The quick response (QR) code has hitherto proven uninspiring.
Microsoft is abandoning its proprietary version of QR technology in August of this year, because "Nobody scans." In 2012, Gizmodo published an article that flat out explained why QR codes "suck so hard."
Though Marketing Land cites some examples of how QR codes can sometimes work, and they're much more effective in Asia, the fact there's a need for an article describing such is a testimony for it's universally accepted failure.
Marketer Jacky Tan did a good job identifying some possible reasons for the technology's failure to launch, including:
- Too disruptive of consumer habits
- Lack of technology standards and ease of use
- Poor, unrewarding business use of them
But a potential savior was unveiled at the Mobile World Congress in Barcelona this year.
If you thought print QR codes were unattractive and ineffective, imagine those used in video advertising. The idea of scanning the video a few seconds to land on a mobile page is tainted, in part, for being static, and poorly integrated with a brand's graphics. Traditional QR codes (often with black and white pixels) are not nice to see and do not respect the advertiser's graphics style, hiding part of the background image or video.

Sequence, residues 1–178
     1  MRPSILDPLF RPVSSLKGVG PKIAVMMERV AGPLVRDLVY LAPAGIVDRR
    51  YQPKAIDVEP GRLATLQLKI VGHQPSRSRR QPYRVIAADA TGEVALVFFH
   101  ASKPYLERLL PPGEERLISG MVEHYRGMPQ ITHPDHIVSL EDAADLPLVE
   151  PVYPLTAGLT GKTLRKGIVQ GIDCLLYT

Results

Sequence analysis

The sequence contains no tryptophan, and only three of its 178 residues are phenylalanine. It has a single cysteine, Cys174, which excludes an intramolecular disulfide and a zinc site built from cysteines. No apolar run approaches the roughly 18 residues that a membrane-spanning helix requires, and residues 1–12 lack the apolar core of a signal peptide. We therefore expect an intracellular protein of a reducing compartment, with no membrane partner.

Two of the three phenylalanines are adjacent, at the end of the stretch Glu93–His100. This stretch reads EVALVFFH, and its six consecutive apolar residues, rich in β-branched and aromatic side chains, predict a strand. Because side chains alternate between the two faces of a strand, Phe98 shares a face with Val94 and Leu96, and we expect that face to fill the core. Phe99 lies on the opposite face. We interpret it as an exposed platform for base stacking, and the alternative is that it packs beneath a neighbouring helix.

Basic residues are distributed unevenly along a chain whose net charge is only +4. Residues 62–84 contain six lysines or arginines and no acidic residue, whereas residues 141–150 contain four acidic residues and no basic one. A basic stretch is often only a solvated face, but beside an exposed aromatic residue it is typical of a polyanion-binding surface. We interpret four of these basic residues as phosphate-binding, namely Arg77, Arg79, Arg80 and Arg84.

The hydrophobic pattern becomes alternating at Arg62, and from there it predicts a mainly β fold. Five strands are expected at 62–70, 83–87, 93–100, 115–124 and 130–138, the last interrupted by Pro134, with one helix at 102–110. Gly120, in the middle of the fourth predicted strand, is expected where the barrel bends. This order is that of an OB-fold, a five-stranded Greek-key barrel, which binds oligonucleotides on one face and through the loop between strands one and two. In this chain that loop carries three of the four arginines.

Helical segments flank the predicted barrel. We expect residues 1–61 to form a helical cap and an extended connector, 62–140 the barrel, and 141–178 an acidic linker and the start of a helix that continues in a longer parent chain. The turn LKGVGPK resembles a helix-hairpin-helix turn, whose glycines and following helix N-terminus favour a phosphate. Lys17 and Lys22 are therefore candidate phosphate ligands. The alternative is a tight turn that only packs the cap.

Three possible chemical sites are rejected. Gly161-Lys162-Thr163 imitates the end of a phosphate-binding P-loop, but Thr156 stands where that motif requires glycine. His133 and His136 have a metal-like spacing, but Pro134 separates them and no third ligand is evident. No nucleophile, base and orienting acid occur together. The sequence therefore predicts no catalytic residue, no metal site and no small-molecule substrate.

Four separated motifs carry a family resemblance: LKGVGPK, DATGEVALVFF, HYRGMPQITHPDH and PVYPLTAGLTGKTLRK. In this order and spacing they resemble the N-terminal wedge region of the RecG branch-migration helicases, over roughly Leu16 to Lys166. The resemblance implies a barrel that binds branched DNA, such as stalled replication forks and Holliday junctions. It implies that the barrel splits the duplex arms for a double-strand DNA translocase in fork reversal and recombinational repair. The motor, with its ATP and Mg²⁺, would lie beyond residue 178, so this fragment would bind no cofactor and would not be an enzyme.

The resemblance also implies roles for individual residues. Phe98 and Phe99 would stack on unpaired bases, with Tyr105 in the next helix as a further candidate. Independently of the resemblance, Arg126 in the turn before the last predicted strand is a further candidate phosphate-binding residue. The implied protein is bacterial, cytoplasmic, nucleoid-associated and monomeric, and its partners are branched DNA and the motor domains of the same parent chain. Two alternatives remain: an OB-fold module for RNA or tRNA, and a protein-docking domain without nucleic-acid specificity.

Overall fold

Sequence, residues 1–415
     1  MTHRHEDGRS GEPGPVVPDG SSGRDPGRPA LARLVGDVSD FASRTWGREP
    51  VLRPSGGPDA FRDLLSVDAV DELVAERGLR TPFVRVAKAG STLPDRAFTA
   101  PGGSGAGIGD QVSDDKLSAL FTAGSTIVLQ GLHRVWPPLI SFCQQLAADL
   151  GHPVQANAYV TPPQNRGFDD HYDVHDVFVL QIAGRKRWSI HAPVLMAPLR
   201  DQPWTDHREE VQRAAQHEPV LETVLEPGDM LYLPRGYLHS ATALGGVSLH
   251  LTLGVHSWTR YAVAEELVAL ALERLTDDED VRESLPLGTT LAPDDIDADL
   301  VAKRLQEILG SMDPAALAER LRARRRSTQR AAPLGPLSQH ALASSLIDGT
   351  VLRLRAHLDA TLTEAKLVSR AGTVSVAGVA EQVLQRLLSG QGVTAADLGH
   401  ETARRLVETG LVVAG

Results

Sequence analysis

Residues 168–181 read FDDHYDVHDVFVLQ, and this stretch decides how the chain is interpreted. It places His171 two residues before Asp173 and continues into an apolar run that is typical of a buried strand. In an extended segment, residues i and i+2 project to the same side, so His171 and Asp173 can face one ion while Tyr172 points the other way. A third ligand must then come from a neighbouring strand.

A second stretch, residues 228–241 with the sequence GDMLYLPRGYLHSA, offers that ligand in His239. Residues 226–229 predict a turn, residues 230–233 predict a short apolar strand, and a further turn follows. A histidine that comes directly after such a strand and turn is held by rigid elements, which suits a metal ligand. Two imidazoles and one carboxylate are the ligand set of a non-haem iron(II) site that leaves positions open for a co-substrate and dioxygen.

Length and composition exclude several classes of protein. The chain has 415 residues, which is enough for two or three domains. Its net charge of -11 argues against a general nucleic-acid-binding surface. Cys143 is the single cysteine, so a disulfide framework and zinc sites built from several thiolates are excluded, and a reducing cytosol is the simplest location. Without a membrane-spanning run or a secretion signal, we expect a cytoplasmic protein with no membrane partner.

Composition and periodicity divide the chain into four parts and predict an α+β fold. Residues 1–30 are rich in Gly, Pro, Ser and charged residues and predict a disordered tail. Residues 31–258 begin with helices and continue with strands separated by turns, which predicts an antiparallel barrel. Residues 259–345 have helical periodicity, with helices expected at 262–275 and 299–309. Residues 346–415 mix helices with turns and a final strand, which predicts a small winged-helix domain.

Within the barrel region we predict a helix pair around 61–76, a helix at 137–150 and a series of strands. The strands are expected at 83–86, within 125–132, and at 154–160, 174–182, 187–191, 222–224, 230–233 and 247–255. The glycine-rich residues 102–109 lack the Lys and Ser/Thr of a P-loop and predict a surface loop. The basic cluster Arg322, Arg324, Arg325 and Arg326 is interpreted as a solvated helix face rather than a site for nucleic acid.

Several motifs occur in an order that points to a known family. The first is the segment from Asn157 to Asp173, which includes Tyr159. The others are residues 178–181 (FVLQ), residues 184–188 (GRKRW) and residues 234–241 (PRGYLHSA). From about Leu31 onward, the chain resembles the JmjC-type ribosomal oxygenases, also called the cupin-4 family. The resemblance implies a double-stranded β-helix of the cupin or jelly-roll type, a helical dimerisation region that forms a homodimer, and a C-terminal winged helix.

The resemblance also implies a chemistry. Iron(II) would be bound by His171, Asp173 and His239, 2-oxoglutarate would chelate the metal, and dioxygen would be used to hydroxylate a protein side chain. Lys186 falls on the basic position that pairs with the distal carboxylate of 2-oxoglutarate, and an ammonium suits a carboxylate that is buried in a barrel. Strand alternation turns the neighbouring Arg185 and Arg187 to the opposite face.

Lynkware's new QR Video offers a transparent display, in full color and merged in the video stream. By being visible and discrete at the same time and compatible with the majority of QR scanning mobile applications, it hopes to breathe new opportunity into QR technology.
This more "chic" and attractive QR code can fade in any video and can entice different actions according to the video message:
● scan to order: to order a product seen on video
● scan to like: to like a brand, a product
● scan to pay: to make a payment (eg: charitable donation)
● scan to download: to download a mobile app, a file...
● scan to web: to open a web page
QR Video uses "QRchic" patented technology has practical applications for digital signage, kiosks, video walls, and even television.
But can it rise above the passed QR fad in the United States?